The full-length opera will be sung in German with English surtitles.

Tickets are $22 for the public, and $18 for seniors.

The production promises to be special for two reasons: the elaborate, colorful staging and innovative costumes by director Julie Taymor, famous for her oversized puppet-like costumes in “The Lion King”; and vibrant conducting by longtime Metropolitan Opera artistic director and now emeritus conductor James Levine. (You can hear the upbeat Overture in the YouTube video at the bottom.)

Below are some other photos to give you a taste of the production:

Here is a link for notes about the production, including several videos:

http://www.metopera.org/Season/2017-18-Season/zauberflote-mozart-tickets/

And here is a link to a synopsis and notes about the cast:

http://www.metopera.org/metoperafiles/season/2017-18/operas/zauberflote/hd_syn_Zauberflote_global_and_usa_dates.pdf


Classical music: Bellini’s opera “Norma” opens the new season of “Live From the Met in HD” at movie theaters this Saturday and Wednesday

October 6, 2017
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By Jacob Stockinger

At a time when so many classical music programs are striving desperately for commercial success and popularity with the public, one program stands out as phenomenally successful: The Metropolitan Opera’s “Live From the Met in HD” broadcasts.

Those broadcasts reach hundreds of cinemas around the world in North America, South America, Europe, Africa and Asia. Here is a list of the international showings:

http://www.metopera.org/season/in-cinemas/international-locations/

The new season of the live broadcasts by the Metropolitan Opera (below) opens this Saturday.

The broadcasts in Madison will take place at two Marcus Corporation cinemas: at the Point Cinemas on the far west side and the Palace Cinemas in Sun Prairie on the far east side.

The first of 10 operas in the season is a new production of Vincenzo Bellini’s Druid-based bel canto opera “Norma.”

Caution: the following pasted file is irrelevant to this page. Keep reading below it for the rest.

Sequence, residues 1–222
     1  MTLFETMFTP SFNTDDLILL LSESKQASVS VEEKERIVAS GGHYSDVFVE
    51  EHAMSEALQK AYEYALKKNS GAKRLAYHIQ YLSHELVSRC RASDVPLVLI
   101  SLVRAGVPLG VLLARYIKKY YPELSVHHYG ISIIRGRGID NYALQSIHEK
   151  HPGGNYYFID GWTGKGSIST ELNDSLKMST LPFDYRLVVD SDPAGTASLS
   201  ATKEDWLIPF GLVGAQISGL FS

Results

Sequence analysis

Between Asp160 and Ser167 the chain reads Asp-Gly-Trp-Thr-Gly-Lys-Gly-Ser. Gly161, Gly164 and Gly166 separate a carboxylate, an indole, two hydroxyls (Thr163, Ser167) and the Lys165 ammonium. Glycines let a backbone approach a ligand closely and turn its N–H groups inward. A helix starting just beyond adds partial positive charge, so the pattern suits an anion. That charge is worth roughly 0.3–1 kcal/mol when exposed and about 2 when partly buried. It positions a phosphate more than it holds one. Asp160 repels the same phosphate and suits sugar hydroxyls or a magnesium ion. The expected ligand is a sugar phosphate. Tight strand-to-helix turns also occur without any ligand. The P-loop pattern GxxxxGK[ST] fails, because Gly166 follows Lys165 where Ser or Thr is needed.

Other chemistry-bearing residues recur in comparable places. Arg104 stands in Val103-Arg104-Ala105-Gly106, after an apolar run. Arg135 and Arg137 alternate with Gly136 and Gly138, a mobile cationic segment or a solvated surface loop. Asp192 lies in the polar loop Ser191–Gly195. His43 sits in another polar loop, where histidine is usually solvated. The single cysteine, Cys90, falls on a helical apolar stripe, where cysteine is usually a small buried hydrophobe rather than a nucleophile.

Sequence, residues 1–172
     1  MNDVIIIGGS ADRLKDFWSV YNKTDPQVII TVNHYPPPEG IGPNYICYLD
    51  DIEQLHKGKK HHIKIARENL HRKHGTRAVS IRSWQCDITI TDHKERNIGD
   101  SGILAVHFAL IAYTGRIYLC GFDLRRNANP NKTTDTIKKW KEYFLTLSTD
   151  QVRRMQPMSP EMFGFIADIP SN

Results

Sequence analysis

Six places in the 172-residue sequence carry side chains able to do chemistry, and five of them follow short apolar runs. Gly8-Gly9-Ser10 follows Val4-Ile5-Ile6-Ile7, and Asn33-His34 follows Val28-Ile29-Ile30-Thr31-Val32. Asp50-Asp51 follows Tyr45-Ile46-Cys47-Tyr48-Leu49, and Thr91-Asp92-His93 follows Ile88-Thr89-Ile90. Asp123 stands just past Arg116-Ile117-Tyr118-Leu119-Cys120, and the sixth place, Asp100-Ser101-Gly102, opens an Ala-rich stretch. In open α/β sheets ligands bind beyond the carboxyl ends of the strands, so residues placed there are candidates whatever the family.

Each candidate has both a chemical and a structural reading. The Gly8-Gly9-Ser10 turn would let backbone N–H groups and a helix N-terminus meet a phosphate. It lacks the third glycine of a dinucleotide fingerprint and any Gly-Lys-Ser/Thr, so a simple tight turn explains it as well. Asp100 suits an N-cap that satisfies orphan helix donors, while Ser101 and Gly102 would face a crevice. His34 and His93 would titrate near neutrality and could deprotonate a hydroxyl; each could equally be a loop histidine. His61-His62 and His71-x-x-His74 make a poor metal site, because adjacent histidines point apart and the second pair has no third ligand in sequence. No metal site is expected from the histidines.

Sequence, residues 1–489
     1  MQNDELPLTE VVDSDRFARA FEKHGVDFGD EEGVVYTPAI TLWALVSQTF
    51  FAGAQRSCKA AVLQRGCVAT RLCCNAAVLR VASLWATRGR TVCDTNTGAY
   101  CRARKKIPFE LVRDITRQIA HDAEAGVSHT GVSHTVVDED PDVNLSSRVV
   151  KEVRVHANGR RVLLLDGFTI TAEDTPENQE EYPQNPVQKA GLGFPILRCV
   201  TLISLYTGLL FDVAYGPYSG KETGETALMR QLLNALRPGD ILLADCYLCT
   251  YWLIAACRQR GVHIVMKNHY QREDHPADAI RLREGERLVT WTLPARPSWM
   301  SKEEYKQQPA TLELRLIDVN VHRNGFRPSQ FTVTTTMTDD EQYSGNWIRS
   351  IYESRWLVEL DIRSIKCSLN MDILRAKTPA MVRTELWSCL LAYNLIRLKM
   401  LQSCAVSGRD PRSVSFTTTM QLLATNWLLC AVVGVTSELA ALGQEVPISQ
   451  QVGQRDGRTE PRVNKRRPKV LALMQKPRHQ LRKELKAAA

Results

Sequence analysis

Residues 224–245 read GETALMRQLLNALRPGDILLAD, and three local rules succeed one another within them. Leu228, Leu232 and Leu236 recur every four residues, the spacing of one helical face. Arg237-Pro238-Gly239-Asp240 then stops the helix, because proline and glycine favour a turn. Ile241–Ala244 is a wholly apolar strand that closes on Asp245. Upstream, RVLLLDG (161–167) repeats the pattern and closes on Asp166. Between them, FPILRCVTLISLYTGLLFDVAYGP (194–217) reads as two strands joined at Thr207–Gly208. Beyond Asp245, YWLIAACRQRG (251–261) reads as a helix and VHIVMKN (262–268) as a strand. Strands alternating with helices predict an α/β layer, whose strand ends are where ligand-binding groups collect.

The outstanding cast of singers and actors includes Sondra Radvanovsky, Joseph Callejo and Joyce DiDonato. Carlo Rizzi is the conductor. (You can hear a preview of this production in the YouTube video at the bottom.)

The running time is 3 hours 30 minutes.

Tickets are $18.

Here is a season trailer:

http://www.metopera.org/Season/In-Cinemas/?gclid=Cj0KCQjwjdLOBRCkARIsAFj5-GBXxKzE43SMmgIUAPUrx1p2YrxzvDPG4cMZZk_7JwaoFQOMy22lf_0aAl8xEALw_wcB

The live performance is this Saturday, Oct. 7, at 11:55 a.m.:

http://www.marcustheatres.com/movies/met-norma-live

Encore presentations and rebroadcast are on Wednesday, Oct. 11, at 1 pm. and 6:30 p.m.:

http://www.marcustheatres.com/movies/met-norma-encore

For this production of “Norma,” here are:

A link to a synopsis and cast list:

http://www.metopera.org/Season/In-Cinemas/SynopsisCast/norma/?performanceNumber=14827

Links to production notes and program notes:

http://www.metopera.org/Season/2017-18-Season/norma-bellini-tickets/

http://www.metopera.org/metoperafiles/season/2017-18/operas/norma/programs/100717%20Norma.pdf

Much of the upcoming season features standard tried-and-true operas by Mozart (“The Magic Flute” and “Cosi fan tutti“); Puccini (“Tosca” and “La Bohème”); Verdi (“Luisa Miller”)’ Rossini (“Semiramide”) and Donizetti (“The Elixir of Love”). But there is also a contemporary work, “The Exterminating Angel,” by Thomas Adès and a holiday production of Humperdinck’s “Hansel and Gretel.”

What do you think of the “Live From the Met” screenings?

What do you think most makes them so successful? The quality of the productions? The affordable price? The accessibility?

And what do you think of the choice of operas in the new season?

The Ear wants to hear.